From makeshift outdoor rinks on a baseball field to four-time Stanley Cup winner, Kirk Maltby has more than his fair share of stories to tell. In this week’s Getting To Know, he reminisces about playing with Steve Yzerman, Marc Bergevin and one of the things about his playing days he definitely doesn’t miss.
Status: Former NHL right winger for Detroit and Edmonton from 1992-2010. Currently serves as scout for Detroit.
Ht: Six-foot Wt: 195 pounds
DOB: December 22, 1972 In: Guelph, Ont.
First Hockey Memory: “Well, I’m Canadian, so I just grew up loving watching it. Then once I started playing it, it wasn’t just enough to play on my local team in my hometown. The fire truck would come and flood two of the baseball diamonds so we had, like, all winter long till it started to melt. When I was a young kid, I just could never get enough hockey.”
Hockey Inspirations: “Oh my Lord, I loved the game. My parents obviously gave me the opportunity to play it — not just financially — but taking me to everything. I grew up a Toronto Maple Leafs fan, even though they weren’t very good at the time. Wayne Gretzky was from Brampton, obviously doing what he was doing in Edmonton with the Oilers. I wouldn’t say I had one particular player or anything. The Leafs were my favorite. And if hockey was on I was watching it, it didn’t matter who it was.”
Last Book Read: “Oh shoot, don’t ask me that [smiles], stick with magazines.”
Greatest Sports Moment: “Well, not just making it but winning the Stanley Cup. And winning it four times (1997, 1998, 2002, 2008), would never have thought that would happen. Just playing in the NHL and obviously winning the Stanley Cup, those go hand in hand but I can’t pick which one was better than the other.”
Most Painful Moment: “Well, any time you have to block a shot. I mean, when I see it out here now, that’s one of the things I’m glad I don’t have to do anymore. But painful — it wasn’t my worst injury but one of the worst ones was taking a slapshot off the right eye. I believe it was by Kevin Hatcher, I was on the penalty kill. Didn’t feel it the first couple of seconds but after about three seconds, the pain set in. I was playing for Edmonton at the time, in Edmonton.”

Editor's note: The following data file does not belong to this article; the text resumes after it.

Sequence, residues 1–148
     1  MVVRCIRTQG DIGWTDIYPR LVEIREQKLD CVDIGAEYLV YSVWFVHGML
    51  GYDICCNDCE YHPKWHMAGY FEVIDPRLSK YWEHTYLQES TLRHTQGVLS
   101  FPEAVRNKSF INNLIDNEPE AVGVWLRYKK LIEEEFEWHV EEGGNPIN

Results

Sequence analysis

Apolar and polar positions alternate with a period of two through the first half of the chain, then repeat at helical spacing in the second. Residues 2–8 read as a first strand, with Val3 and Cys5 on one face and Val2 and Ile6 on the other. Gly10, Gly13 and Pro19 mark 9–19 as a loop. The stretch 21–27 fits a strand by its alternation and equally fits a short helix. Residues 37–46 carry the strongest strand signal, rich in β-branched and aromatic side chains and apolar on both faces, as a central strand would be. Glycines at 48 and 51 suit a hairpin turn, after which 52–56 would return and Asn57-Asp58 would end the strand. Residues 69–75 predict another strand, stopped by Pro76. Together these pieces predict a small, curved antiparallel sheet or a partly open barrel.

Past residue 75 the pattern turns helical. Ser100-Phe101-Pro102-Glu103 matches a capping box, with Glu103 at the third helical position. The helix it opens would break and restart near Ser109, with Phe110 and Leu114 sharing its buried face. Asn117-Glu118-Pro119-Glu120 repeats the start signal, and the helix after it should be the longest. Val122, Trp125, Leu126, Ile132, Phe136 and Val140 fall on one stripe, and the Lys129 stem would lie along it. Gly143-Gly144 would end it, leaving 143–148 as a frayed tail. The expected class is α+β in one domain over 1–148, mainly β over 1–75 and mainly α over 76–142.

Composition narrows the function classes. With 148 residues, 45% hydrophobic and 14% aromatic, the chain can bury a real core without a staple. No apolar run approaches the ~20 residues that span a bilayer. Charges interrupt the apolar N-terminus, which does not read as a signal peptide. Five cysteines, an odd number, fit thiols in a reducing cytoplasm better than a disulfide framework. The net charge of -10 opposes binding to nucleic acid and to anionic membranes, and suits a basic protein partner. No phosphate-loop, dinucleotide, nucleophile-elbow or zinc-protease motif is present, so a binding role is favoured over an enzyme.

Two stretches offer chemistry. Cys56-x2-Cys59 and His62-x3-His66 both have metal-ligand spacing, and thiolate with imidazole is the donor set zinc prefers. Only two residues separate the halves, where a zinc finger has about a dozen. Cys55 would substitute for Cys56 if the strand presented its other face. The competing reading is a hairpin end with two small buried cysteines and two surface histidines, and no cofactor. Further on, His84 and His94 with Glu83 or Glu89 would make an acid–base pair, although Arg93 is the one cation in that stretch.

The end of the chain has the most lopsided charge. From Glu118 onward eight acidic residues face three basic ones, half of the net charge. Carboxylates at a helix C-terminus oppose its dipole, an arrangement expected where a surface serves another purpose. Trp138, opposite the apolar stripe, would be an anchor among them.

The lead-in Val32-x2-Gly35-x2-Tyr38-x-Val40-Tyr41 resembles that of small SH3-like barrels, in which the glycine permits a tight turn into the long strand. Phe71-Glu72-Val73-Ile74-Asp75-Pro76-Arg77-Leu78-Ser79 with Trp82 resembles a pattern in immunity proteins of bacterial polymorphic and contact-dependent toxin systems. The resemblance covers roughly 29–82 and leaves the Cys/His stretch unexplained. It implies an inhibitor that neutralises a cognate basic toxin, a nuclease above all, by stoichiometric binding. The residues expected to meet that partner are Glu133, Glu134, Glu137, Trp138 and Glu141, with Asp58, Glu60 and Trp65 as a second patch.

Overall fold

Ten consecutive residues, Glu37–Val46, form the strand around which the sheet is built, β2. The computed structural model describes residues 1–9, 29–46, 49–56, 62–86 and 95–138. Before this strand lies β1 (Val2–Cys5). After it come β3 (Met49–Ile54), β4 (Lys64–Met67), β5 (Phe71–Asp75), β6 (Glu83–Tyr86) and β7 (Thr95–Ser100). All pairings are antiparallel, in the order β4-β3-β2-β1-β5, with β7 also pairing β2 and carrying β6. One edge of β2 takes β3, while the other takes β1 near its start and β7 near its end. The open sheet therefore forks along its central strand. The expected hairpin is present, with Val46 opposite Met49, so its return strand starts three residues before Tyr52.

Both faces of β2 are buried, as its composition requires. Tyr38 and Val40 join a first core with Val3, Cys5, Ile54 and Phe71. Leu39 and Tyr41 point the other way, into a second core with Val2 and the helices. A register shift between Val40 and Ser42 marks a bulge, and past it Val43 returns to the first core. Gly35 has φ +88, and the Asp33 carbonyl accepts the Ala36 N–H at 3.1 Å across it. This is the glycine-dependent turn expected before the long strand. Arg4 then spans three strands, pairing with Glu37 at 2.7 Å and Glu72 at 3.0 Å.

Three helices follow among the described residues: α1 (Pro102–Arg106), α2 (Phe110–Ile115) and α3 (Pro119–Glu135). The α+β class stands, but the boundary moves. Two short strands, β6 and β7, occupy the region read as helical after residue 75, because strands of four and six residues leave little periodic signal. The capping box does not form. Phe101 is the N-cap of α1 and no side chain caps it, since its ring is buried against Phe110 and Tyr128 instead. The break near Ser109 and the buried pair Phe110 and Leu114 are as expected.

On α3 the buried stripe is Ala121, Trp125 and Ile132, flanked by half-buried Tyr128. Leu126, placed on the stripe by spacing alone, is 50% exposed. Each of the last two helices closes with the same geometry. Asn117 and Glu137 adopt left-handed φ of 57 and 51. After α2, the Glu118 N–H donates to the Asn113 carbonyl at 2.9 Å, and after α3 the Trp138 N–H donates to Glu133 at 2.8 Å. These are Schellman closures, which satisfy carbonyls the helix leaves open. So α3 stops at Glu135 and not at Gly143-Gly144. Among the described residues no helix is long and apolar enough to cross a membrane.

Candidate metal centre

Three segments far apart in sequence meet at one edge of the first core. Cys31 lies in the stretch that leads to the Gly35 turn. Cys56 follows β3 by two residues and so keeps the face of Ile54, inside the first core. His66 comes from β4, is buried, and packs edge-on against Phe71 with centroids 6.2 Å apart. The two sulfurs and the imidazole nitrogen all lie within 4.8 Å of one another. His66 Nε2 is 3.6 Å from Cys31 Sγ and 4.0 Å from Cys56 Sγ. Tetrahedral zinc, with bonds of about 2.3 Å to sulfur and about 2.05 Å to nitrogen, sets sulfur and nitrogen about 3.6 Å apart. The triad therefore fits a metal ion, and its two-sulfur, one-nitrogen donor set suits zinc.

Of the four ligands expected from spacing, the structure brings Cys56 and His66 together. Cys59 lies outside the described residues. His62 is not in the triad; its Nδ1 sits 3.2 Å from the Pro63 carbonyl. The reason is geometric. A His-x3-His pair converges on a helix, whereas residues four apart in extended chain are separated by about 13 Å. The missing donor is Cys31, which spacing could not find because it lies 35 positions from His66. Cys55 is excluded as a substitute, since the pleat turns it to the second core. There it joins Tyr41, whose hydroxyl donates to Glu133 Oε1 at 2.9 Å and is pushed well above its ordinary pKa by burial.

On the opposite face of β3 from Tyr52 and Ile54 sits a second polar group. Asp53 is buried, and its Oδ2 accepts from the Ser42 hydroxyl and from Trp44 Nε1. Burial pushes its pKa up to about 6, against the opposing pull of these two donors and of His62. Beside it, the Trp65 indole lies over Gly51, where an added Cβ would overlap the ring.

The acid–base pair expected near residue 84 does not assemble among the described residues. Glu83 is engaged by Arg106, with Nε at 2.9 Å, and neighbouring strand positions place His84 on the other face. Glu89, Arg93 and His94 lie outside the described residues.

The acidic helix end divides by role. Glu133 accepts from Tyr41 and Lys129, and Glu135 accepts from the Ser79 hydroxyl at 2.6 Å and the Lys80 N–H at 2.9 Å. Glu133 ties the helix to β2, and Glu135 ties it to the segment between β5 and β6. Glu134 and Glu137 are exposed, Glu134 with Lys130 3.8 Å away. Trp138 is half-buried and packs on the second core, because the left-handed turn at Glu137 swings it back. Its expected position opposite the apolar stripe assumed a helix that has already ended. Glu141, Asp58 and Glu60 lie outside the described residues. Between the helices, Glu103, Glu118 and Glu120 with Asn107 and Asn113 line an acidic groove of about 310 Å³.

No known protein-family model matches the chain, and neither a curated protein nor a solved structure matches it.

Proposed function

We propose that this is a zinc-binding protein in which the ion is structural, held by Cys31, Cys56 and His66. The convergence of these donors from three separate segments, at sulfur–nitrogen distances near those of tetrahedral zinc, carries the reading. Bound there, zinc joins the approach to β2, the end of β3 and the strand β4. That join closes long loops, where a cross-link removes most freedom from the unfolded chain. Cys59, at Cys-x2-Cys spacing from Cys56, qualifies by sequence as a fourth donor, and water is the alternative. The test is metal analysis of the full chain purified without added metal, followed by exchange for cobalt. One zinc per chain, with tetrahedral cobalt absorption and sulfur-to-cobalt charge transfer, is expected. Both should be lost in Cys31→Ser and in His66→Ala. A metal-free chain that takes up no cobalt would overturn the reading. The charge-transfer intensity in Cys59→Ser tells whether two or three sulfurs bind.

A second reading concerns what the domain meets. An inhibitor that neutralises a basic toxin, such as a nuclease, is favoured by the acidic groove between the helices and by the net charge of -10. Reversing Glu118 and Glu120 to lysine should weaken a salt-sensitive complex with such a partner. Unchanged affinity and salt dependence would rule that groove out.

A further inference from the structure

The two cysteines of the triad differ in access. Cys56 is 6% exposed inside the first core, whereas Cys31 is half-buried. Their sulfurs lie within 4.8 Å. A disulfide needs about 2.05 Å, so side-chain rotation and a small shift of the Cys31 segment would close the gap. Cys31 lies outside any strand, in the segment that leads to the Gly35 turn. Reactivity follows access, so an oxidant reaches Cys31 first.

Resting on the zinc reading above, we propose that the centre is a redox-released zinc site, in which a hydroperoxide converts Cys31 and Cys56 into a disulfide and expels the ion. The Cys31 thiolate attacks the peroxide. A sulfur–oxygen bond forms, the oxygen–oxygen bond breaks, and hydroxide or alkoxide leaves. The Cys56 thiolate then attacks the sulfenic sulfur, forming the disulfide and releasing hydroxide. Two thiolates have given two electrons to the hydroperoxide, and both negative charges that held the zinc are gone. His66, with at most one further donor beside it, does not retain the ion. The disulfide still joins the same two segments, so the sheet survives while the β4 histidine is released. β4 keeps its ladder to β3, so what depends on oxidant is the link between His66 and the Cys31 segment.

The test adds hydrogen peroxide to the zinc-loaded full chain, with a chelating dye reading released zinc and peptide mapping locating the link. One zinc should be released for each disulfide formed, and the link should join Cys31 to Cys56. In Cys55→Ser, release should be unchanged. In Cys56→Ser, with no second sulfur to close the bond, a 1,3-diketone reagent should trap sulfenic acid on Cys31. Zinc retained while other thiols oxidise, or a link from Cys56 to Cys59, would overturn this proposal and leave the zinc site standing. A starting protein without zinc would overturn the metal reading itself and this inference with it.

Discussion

Favorite Uniforms: “Aw man, I like the Wing’s wheel. And I’m being a little bit biased of it. But I’d say the winged wheel is a great, great uniform. Looking back on the old ones, I loved those old Vancouver black and yellows with the V. I still think those are really cool when they do the throwbacks.”
Favorite Rinks To Play: “Well, I love all the rinks, every one is different. They’re all pretty new now. I love the Joe (Louis Arena). It’s going to be a sad day when that one goes. Chicago — as intimidating as it was to play there at times — I thought that was extremely cool how you’d have to go up and down the stairs at each period to go to the dressing room. I was very fortunate to get to play in the Gardens in Toronto and Boston and the Forum in Montreal, also. Growing up being a hockey fan and obviously a fan of the Original Six, I got to play in all those original ones. So that’s a great memory.”
Most Memorable Goal: “My first goal in the NHL was in my first game, which was in the second game of the season. I didn’t play in Edmonton’s first game. It was against the New York Islanders, I believe (Ron) Hextall was in net. Didn’t get to celebrate because Kelly Buchberger got in a fight right after I scored [laughs]. My linemates at the time were Kelly Buchberger and Craig MacTavish.”